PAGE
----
Brown money or green money
We hear the public are crying out, “Where is the beef?” They have heard the Throne Speech, seen the Auditor-General's report; all they need now is to reconcile the two. Before going any farther, while it's obvious the country needs more money circulating in the economy, let's talk about the terms "brown money" and "green money".
Brown money is that money that we have become accustomed to, such as tourism and international business that has been already circulated by those industries. Green money is new money that circulates from a new commodity or industry as a foreign exchange that does not exist at present. It's new, it's green, it is the long-mooted third pillar that was so desperately needed after the base closures in the 1990s.
There is no problem trying to increase the circulation of brown money if it happens on its own and spontaneously, but if it is a capital expense, having hopes of being retired with the money already in the system, there is a problem.
In essence, it expands the pie, increases the completion vying for a piece of the brown money. However, it does have the benefit of an immediate economic stimulation but ends with some portion of the economy suffering and even dying.
It's a short-term fix, something like the short-term fix that occurs when in larger jurisdictions they lower corporate tax. Lower corporate tax and there is a surge of activity in the market, giving the appearance of an improved economy. The flaw in that approach becomes visible only when the infrastructure crumbles, and healthcare and education suffer.
Prudence will always side with new or green money, and a new industry that creates foreign exchange coming out of different areas not depending on, or necessarily related to, an existing business. A new industry could add to existing business but be totally independent in nature.
Of course, everyone who knows me knows I am talking about Bermuda becoming a commercial shipping hub. They will also know I am talking about an air cargo hub as a party to that arrangement. They will also know that building an infrastructure that includes a capacity for larger vessels also helps with the cruise industry; hence tourism.
It's important to mention because only one item mentioned as a stimulus is the moving of the Hamilton commercial docks to another location. Truly, moving the docks would trigger a surge of capital in its development phase and provide a better return for the waterfront property. However, in the grand scheme, will raise the cost of imports as either a direct or indirect expense to cover the cost of relocation.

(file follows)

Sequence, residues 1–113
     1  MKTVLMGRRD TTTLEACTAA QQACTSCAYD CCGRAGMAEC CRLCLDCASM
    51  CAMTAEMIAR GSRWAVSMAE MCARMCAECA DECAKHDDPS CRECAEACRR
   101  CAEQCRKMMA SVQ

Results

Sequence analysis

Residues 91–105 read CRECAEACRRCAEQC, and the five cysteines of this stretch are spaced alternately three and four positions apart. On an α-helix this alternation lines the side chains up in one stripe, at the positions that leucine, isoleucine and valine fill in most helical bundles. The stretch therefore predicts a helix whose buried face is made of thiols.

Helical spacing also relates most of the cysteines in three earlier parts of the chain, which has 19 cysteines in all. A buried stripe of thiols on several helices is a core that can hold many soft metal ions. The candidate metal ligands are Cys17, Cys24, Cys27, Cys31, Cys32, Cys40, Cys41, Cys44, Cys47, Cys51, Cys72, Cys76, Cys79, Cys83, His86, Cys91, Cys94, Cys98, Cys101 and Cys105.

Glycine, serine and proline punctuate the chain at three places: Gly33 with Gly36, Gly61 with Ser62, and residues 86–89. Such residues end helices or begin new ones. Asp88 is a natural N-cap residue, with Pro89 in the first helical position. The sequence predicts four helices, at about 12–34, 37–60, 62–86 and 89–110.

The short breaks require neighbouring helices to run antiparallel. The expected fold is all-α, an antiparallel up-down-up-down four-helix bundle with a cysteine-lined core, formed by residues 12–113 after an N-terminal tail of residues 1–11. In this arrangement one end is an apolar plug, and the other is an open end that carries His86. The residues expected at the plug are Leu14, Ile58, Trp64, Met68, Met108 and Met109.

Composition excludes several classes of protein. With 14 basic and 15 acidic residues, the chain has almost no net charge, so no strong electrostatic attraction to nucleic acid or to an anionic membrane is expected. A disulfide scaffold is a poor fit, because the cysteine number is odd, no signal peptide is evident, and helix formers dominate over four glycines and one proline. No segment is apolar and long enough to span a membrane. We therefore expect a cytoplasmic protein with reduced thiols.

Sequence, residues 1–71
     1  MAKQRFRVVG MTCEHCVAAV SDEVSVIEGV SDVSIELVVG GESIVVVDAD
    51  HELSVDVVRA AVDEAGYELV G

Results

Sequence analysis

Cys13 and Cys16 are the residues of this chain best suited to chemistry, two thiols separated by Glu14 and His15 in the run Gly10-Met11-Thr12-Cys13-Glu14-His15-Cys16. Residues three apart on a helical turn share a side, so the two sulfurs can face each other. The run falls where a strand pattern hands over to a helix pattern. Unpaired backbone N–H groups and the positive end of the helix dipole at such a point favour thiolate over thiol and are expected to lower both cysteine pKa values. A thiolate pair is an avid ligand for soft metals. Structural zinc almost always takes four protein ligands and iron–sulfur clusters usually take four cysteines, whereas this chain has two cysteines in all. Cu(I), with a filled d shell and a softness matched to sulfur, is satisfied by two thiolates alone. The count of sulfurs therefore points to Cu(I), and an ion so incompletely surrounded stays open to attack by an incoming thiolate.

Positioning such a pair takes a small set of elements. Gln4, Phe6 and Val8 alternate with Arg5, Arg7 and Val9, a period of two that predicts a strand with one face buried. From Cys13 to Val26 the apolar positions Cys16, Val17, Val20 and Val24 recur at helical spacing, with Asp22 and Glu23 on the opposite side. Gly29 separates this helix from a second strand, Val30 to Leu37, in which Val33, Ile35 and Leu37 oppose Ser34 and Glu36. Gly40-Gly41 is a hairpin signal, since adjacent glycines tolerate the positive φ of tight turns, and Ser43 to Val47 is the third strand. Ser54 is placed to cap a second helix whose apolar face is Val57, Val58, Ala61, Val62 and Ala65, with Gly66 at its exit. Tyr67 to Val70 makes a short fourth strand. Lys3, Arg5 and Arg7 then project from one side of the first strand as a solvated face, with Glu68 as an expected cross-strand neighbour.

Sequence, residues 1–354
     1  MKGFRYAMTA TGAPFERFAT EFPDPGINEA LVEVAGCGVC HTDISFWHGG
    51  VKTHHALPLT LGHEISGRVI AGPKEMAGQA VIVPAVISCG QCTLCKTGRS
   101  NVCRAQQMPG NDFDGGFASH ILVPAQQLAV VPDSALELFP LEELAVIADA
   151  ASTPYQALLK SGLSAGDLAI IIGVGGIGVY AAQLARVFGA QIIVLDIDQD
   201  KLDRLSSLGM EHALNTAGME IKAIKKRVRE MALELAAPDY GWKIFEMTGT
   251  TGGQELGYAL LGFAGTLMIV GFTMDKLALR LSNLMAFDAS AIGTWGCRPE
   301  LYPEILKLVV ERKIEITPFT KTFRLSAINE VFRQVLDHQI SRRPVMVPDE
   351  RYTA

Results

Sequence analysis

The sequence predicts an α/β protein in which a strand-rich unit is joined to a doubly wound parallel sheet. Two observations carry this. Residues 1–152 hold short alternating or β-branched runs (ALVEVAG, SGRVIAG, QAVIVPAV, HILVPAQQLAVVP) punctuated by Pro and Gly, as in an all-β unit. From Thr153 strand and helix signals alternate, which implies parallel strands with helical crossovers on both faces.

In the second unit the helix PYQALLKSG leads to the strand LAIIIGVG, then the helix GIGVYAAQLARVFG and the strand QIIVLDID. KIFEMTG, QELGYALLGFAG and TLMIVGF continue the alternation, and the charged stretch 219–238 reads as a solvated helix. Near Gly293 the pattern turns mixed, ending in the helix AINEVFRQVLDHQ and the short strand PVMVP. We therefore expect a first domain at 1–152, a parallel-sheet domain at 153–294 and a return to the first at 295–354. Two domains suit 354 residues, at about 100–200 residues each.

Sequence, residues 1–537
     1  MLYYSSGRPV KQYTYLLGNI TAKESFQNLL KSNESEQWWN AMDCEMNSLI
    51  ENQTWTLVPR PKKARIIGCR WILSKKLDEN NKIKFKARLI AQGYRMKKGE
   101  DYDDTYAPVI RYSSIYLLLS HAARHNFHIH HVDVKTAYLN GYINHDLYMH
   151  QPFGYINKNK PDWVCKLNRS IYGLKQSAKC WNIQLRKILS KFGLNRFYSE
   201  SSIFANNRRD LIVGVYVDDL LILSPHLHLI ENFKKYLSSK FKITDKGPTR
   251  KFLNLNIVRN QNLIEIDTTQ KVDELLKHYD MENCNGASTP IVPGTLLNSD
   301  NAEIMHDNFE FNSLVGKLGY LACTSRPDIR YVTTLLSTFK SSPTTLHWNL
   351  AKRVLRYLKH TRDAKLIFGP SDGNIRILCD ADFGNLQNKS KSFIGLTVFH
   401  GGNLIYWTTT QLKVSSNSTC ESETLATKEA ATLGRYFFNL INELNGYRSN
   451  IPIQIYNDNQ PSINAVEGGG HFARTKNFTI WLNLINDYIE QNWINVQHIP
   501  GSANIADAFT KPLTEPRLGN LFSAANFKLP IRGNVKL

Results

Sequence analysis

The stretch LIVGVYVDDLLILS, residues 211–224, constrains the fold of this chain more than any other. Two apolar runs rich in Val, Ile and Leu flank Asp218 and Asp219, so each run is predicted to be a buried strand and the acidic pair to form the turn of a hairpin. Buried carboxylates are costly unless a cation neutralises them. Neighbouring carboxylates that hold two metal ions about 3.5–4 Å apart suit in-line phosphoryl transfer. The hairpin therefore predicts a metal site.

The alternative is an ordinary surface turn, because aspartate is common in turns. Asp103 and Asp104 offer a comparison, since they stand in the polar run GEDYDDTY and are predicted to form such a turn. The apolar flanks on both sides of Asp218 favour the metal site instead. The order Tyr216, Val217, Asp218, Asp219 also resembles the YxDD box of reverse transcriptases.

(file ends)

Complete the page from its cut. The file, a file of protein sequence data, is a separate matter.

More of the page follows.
Relocation cannot alter the paradigm for import of goods; in fact, it pegs import to a 20th-century model of shipping, when progressive nations are vying for a spot in the 21st-century model. Jamaica and the Bahamas are already there, while Cayman is heading that way.
The maritime jewel, once called for practical reasons the Admiralty of the Atlantic, is at half-throttle over the possibility of becoming an international hub — a status it held for 400 years. Meanwhile, the competitors in our neighbourhood are dashing full speed ahead to replace our significance.
The nature of the money isn’t the only precept challenging our future outlook and prosperity. It's also the nature of the direction of the economy that foreshadows where we are likely to end up. Either the private sector becomes the engine room for the revitalisation of the economy, or the Government is that engine room.
In this Western world and economic environment, the successful economies are driven largely by the private sector where the creation of wealth is available as a commodity of the private sector. In fact, that is the big picture for the history of the west. The other example is where government becomes the business driver.
Under a public-sector initiative, individual wealth is counterintuitive to the design because, rather than regulate, a government attempts to compete by usurping private initiative. The government may in such circumstances become richer, but the poor will remain poor and dependent on government.
Sad to say, in spite of the noble aspirations promoted by the Cuban Revolution, we see the end result of the government-inspired initiative. It is just the nature of the beast that government has to take a hostile position in the marketplace to be the redeeming factor. They are better when they let the private sector flow and take on that burden.